Accidental discoveries of two pits containing cult figurines have led me to discern an extraordinary development in Israelite religious observance. This development occurred when the Jews returned from the Babylonian Exile in the sixth to fifth centuries B.C.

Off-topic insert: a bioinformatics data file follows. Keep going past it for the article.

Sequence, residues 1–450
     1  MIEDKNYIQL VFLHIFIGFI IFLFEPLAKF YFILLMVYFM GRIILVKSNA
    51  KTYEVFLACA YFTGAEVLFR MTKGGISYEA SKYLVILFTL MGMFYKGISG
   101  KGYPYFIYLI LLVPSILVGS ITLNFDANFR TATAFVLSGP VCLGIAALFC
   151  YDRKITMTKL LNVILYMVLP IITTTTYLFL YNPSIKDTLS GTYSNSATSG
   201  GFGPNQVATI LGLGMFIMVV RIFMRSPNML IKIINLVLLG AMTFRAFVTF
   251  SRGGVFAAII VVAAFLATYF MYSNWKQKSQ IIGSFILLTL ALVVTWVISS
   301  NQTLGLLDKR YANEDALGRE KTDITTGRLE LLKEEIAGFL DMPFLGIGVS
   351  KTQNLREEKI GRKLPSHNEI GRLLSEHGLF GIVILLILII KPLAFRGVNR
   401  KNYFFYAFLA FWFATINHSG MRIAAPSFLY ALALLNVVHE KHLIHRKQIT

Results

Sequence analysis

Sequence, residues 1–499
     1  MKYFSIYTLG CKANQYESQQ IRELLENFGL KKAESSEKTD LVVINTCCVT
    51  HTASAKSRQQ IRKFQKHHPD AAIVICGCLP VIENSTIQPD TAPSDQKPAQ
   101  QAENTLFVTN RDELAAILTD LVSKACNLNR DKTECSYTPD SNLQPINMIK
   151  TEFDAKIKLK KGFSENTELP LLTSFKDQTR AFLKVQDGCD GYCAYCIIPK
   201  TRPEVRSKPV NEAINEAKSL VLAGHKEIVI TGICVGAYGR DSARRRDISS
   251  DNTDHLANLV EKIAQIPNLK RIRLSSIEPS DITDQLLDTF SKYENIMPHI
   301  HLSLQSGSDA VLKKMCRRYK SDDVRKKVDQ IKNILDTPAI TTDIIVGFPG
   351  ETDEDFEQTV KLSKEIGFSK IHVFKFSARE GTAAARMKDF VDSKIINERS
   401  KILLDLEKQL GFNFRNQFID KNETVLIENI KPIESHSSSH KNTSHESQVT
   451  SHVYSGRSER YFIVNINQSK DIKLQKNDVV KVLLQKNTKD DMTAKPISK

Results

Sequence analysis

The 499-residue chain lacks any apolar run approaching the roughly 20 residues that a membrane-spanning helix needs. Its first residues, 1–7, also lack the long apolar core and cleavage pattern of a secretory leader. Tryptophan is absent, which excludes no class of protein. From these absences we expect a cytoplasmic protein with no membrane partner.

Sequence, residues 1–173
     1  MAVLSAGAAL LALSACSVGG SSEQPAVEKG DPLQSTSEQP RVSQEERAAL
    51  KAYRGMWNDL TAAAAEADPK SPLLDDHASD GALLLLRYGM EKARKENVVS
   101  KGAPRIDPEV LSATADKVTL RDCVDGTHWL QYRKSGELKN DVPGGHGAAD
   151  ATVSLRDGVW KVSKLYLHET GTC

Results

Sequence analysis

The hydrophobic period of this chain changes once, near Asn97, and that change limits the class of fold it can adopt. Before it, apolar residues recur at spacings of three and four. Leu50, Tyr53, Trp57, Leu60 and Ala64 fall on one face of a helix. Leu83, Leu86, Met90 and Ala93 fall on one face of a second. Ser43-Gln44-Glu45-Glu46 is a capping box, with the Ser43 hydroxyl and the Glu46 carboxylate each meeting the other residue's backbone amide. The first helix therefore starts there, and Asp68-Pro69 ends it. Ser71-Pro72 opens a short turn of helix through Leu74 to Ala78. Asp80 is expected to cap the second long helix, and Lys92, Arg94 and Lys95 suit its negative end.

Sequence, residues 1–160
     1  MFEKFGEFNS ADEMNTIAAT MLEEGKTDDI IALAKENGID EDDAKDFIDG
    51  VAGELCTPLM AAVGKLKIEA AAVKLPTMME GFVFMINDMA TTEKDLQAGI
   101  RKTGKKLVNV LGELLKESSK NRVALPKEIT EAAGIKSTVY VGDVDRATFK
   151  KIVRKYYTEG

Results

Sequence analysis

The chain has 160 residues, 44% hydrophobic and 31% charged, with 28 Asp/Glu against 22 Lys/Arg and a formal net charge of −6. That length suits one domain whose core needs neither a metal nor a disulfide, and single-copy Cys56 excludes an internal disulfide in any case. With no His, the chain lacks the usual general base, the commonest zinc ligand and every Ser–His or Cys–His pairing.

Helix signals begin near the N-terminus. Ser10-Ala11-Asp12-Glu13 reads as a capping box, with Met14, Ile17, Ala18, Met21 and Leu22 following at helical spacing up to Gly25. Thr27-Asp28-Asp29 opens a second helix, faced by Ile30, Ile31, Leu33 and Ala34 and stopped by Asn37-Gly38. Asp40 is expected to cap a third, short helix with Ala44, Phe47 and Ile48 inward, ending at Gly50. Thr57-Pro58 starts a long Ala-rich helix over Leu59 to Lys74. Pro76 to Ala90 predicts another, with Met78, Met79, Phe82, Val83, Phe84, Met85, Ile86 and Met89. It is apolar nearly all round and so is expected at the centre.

The first discovery took place in the opening season of our excavations at Tel Dor, on the Mediterranean coast of Israel, where we were fortunate enough to uncover a favissa (FAH-viss-uh). A favissa (plural, favissae [FAH-viss-ee]) is a pit into which votive figurines or statuettes have been thrown. Sometimesthese figurines are made of metal or stone, but mostly they are made of clay. They are almost always broken, intentionally destroyed.